Share of NTL products lines that are duty free, i.e.  the duty rate is equal to 0%.
 
Formula: 
 
Where:
  • Sa is the share of NTL products lines that are duty free for country a
  • Dis a dummy variable that equals 1 for each NTL product i that is duty free
  • Na is the total number of NTL product lines for country a
Share of NTL that are international tariffs peaks
Share of international tariff peaks defined as those applied tariffs with an ad valorem equivalent above 15%.
 
Formula: 
 
Where:
  • Sa is the share of NTL products lines that are international tariff peaks for country a
  • Dis a dummy variable that equals 1 for each NTL product i classified as an international tariff peak
  • Na is the total number of NTL product lines for country a
Share of NTL that are national tariffs peaks
Share of national tariff peaks defined as those applied tariffs that are 3 times (or more) higher than the national tariff average.
 
Formula: 
 
Where:
  • Sa is the share of NTL products lines that are national tariff peaks for country a
  • Di is a dummy variable that equals 1 for each NTL product i classified as a national tariff peak
  • Na is the total number of NTL product lines for country a
 

8. Harmonized System revisions


Market Access Map uses the Harmonized System (HS) to classify goods. Depending on the query, Market Access Map can display data in two ways:
  • In the native HS revision (the HS revision in which the data was reported by a country in a given year)
  • In the combined HS (list of products containing codes from all HS revisions)
Native revisions are used when a single importing country and a single year is selected in the query definition. Here, users first specify the importing country and the year. This fixes the product selection menu on the native revision of the selected country in the selected year. The results will be displayed in the native revision which will be reported in the query overview above the results table. Specifically, in Market Access Map, native revisions are used in:
  • All sub-modules of the “Quick Search” (except Compare tariffs – Exporter view)
  • All sub-modules of “Raw data download”
The combined HS revision is used when several importing countries can be selected simultaneously, i.e. in all sub-modules of the “Advanced analysis” and in Compare tariffs – Exporter view. At the product selection stage users now select products using the combined HS nomenclature (thus different product codes referring to the same product can be selected). After the desired products have been selected, Market Access Map automatically converts the corresponding codes to a single revision, namely to the native revision of the selected country.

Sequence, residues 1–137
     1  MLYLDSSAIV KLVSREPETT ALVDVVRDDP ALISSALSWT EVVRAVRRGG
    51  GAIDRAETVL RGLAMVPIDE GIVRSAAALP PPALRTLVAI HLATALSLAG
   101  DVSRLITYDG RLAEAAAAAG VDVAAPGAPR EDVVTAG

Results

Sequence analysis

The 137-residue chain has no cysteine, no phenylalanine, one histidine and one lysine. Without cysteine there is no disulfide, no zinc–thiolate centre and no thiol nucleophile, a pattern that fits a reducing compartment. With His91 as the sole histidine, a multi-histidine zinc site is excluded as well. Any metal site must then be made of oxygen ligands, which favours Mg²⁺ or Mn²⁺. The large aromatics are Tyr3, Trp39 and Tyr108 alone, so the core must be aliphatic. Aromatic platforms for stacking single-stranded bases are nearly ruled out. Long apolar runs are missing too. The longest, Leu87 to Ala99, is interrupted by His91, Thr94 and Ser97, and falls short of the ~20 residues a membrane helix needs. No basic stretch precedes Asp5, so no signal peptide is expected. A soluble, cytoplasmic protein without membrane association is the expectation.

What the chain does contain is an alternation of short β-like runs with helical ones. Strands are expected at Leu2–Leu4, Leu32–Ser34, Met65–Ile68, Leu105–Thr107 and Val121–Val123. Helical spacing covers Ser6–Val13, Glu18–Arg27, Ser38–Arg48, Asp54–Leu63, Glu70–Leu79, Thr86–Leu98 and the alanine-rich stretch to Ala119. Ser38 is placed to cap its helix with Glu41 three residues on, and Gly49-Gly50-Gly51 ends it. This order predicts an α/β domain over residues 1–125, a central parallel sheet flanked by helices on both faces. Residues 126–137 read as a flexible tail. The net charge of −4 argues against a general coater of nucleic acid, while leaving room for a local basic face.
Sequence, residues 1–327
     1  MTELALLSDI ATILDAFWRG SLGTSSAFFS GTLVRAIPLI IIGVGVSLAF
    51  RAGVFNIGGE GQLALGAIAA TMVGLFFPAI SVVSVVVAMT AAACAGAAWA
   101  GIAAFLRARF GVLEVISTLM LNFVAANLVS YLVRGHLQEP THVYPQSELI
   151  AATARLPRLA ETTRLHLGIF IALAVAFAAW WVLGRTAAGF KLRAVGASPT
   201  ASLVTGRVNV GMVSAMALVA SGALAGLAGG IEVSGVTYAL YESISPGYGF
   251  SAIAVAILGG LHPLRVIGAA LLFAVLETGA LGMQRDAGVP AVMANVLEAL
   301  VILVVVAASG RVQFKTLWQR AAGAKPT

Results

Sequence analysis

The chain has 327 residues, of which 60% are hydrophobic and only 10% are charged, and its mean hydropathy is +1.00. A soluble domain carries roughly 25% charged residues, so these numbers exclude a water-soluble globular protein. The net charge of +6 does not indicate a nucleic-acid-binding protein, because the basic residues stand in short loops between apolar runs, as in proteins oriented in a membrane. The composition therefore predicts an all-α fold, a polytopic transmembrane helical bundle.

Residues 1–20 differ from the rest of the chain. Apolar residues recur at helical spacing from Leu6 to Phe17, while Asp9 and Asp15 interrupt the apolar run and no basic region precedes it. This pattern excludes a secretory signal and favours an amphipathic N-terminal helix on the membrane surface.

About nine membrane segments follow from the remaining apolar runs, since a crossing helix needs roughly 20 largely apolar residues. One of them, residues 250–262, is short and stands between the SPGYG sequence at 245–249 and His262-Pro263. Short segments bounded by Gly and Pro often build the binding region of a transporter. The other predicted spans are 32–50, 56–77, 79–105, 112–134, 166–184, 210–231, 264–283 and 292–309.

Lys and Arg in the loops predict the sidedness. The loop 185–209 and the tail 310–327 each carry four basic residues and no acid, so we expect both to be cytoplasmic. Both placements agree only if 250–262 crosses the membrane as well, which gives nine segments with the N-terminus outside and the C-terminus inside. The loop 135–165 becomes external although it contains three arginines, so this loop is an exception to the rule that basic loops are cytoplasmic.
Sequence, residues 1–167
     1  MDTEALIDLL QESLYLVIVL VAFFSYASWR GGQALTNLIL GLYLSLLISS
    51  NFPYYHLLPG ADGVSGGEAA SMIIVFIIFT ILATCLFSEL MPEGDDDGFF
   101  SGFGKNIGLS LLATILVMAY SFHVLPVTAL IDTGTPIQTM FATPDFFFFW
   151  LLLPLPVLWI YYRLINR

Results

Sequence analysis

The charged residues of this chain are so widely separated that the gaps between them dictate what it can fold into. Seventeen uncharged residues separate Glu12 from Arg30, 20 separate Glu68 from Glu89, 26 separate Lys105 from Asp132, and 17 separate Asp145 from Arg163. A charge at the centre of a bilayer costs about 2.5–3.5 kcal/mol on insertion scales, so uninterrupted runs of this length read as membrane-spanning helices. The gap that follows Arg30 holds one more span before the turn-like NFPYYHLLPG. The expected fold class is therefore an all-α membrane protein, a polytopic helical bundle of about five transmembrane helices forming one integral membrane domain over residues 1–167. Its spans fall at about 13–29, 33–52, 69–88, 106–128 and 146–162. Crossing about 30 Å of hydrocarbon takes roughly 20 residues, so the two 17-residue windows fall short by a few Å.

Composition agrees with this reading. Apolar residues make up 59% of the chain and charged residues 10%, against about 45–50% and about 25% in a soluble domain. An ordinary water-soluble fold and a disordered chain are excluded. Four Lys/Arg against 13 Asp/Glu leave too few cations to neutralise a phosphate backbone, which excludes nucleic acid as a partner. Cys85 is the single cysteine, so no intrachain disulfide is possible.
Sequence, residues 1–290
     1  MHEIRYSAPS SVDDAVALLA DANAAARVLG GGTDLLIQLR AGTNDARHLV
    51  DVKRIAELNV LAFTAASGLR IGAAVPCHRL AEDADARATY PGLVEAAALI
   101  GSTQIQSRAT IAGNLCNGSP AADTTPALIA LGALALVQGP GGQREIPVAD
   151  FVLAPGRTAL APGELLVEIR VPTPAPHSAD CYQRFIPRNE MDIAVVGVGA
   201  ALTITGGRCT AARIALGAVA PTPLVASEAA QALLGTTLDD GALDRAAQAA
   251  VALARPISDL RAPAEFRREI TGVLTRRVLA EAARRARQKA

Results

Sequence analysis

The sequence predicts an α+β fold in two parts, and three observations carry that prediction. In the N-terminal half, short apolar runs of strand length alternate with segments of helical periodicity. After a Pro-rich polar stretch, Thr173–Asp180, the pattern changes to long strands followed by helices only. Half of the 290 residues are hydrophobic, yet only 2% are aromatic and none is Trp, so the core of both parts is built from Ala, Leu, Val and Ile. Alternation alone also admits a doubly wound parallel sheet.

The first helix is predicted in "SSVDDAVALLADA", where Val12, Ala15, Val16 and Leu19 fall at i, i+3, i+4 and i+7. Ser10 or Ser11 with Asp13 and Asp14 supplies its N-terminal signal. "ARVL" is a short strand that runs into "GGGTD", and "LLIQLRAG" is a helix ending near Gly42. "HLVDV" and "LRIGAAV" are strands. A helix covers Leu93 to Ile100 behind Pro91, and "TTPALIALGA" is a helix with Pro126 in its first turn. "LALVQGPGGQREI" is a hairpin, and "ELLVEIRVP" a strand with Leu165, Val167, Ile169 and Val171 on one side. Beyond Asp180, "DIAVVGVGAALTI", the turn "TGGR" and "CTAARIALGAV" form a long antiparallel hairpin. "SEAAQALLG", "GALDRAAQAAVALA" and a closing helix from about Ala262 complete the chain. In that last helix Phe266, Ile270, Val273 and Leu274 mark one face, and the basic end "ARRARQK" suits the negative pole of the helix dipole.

As Market Access Map automatically displays the corresponding native revision or a combination of revisions whenever necessary, users do not need to know which HS revision is used by what country. In case of interest, the HS revisions of all countries can be consulted in the Data availability sub-module.
 
Figure III: Data availability

 

9. Reference groups


A country reference group is a group of countries that share similar characteristics with the importing country in question. The 10 reference groups used in Market Access Map are based on a hierarchical clustering analysis that considers the following variables:
  • The Human Development Index (HDI)
  • Population
  • GDP (in terms of purchasing power parity)
  • GDP per capita (in terms of purchasing power parity)
  • Agricultural trade balance
  • Industrial trade balance
  • Share of agricultural products in imports
  • Share of industrial products in imports
  • Average of import tariffs for industrial products
  • Average of import tariffs for agricultural products
In general, using a reference groups in the calculation of unit values (UVs) or in the aggregation of tariffs reduces the endogeneity bias, e.g. by retaining prohibitively high tariffs in the calculations.
 


 
 
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Your present account does not give you access to Advanced analysis, Raw data download and Options modules.
To access the full version, please see the table below and consult the subscription options and fees.
 
Features Registered users
(free)
Registered users
(subscription)
Quick search: Data at the national tariff line level on tariffs applied by more than 190 importing countries and basic comparative statistics.
Non-tariff measures, such as technical regulations, SPS and custom formalities, trade remedies as well as rules and certificates of origin.
yes yes
Advanced analysis: Comparative analysis of multiple products, markets and suppliers as well as reduction simulations for applied tariffs and bound rates. no yes
Raw data download: Download of large datasets. no yes
Country analysis: Tariff averages for broad economic sectors; tariff&trade indicators; trade agreements over time. yes yes
Options: User- defined product and country groups, selectionof default setting such the AVE methodology. no yes
Support materials: User guide, glossary, video tutorials and useful links yes yes
   
For more information, please contact us by mail at marketanalysis@intracen.org

The Market Analysis and Research team.